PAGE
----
“I’d love for my kids to be able to stay on a farm and make a living,” he said. “But I’m gonna tell you: Unless things change, there’s no way.”
The “unless things change” part is key for McCallister. He is both praying for rain — his church, First Christian in Mountain Grove, held an event just for that purpose — and pressuring the government for policy changes that could help small dairy farmers.
This sort of jump into the political fray is unusual in this area, where people pride themselves on a self-sufficient, can-do attitude. The drought hasn’t changed that, but it’s made dairy farmers here feel that some cards are stacked against them.
They’re in the rare position of needing to ask for help.
And they’re not necessarily getting it.
The Obama administration earlier this month announced emergency drought assistance that included low-interest emergency loans; a federal buy-up of meat from livestock producers; and the opening up of some protected lands for livestock grazing.
None of those efforts are targeted at dairy farmers, however, dairy advocates say.
Missouri’s governor, meanwhile, created a cost-share program to help farmers get access to water for their cattle, but McCallister said that’s more of a Band-Aid than a real solution.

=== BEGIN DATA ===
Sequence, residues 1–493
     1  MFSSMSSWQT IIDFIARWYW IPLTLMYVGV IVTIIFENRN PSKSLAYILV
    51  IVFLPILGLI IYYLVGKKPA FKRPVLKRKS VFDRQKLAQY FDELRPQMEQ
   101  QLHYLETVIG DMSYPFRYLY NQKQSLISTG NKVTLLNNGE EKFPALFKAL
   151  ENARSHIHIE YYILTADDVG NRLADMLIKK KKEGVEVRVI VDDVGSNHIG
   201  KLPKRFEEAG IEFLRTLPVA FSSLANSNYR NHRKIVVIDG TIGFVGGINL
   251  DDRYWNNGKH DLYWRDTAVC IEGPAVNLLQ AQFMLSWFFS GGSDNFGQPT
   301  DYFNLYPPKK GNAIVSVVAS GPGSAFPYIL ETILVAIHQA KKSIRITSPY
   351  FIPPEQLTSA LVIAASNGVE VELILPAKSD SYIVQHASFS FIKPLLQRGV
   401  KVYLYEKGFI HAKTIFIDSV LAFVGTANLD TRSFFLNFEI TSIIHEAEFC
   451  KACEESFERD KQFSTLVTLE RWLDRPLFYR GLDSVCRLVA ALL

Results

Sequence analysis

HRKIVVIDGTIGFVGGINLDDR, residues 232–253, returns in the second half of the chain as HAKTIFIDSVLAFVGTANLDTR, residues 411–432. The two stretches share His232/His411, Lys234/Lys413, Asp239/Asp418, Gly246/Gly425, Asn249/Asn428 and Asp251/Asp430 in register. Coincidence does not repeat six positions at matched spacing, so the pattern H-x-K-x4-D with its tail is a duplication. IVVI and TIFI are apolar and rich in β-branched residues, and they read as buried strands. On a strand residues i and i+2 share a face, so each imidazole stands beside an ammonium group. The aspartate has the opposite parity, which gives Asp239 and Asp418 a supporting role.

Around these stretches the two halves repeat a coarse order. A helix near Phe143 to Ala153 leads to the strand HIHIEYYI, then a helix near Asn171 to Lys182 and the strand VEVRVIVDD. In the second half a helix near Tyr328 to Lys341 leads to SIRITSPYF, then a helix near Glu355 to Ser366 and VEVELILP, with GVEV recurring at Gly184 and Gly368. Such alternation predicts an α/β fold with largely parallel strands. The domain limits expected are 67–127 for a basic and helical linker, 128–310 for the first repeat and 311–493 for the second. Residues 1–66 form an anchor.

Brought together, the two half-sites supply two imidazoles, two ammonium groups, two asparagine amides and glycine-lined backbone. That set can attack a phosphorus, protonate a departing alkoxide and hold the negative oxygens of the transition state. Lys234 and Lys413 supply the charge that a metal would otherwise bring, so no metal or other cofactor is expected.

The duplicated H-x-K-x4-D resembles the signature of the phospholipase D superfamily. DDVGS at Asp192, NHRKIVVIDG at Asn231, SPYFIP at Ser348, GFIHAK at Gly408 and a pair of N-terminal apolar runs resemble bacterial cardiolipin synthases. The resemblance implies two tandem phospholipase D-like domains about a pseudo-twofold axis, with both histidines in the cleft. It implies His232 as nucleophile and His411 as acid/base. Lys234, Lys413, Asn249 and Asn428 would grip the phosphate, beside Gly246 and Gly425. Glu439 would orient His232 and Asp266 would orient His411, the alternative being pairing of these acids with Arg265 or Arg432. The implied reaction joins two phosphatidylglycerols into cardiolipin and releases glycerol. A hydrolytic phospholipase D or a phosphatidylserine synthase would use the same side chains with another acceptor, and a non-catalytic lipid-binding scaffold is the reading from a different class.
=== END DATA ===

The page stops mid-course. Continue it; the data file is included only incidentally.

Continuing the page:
Michael Scuse, under secretary of the U.S. Department of Agriculture, said dairy farmers have not been offered enough of a safety net because Congress has not finalized an omnibus piece of legislation called the Farm Bill.
“Had we had a Farm Bill passed by now, there’s a very good chance we could offer some additional assistance” to dairy farmers who are struggling because of the drought, he said.
Several programs that deal with emergency assistance for livestock owners expired in September 2011; and an insurance program for livestock producers, which he said “never had adequate funding,” will be cut further in September and eliminated by October 1 unless new legislation is passed, he said.
Earlier this summer, the U.S. Senate and the House’s agriculture committee passed versions of the five-year bill, which includes everything from food stamps to crop insurance. Much of the debate about the bill centers on programs to feed low-income people. The House returns from August recess on September 10, and could take up the measure then.
The bill in its current form would create an insurance program specifically for dairy farmers. Currently, most dairy farmers are uninsured, according to officials and policy experts; that makes them more vulnerable to the impacts of a drought or high feed prices, both of which have taken hold now.